Bush lauded Murray's books on two separate occasions during an interview with National Review editor Rich Lowry, at a forum sponsored by the conservative magazine.
Lowry asked Bush, "... is there any policy or anything public officials can do to help turn back what has been a rising tide of family breakdown crossing decades now?"
"Absolutely, there is," Bush, a likely 2016 Republican presidential candidate, said. "It's not exactly the core. My views on this were shaped a lot on this by Charles Murray's book, except I was reading the book and I was waiting for the last chapter with the really cool solutions — didn't quite get there."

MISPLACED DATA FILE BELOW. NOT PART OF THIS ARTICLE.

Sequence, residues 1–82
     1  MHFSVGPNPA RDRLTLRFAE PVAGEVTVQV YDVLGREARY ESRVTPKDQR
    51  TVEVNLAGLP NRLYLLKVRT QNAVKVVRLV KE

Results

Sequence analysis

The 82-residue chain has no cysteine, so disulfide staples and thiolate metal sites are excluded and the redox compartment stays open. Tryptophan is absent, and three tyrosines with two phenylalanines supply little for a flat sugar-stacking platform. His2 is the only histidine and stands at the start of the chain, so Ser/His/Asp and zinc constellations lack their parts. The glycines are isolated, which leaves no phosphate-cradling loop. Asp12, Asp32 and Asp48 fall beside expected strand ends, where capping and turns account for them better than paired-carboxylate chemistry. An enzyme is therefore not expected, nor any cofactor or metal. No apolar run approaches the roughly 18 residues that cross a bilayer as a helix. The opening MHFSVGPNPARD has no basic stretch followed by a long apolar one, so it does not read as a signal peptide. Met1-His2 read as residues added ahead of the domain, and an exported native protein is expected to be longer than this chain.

Later in the interview, Lowry asked Bush what he likes to read. Again, he cited Murray.
"I like Charles Murray books to be honest with you, which means I'm a total nerd I guess," Bush said.
Bush didn't say which of Murray's books he was referring to. His political team did not immediately respond to TPM.
Murray is the author of the highly influential 1984 book Losing Ground: American Social Policy, 1950-1980 which argued that social welfare programs of the 1960s and 1970s actually hurt the poor rather than helped. It was and remains a seminal work in the conservative policy canon.
Ten years later Murray authored the highly controversial The Bell Curve, which he co-authored with Richard Herrnstein. Critics denounced it as racist, saying it essentially argued that African-Americans aren't as intelligent as white Americans because of genetic differences. In 1994 Bob Herbert, then a columnist at The New York Times, described the book as a "scabrous piece of racial pornography masquerading as serious scholarship."
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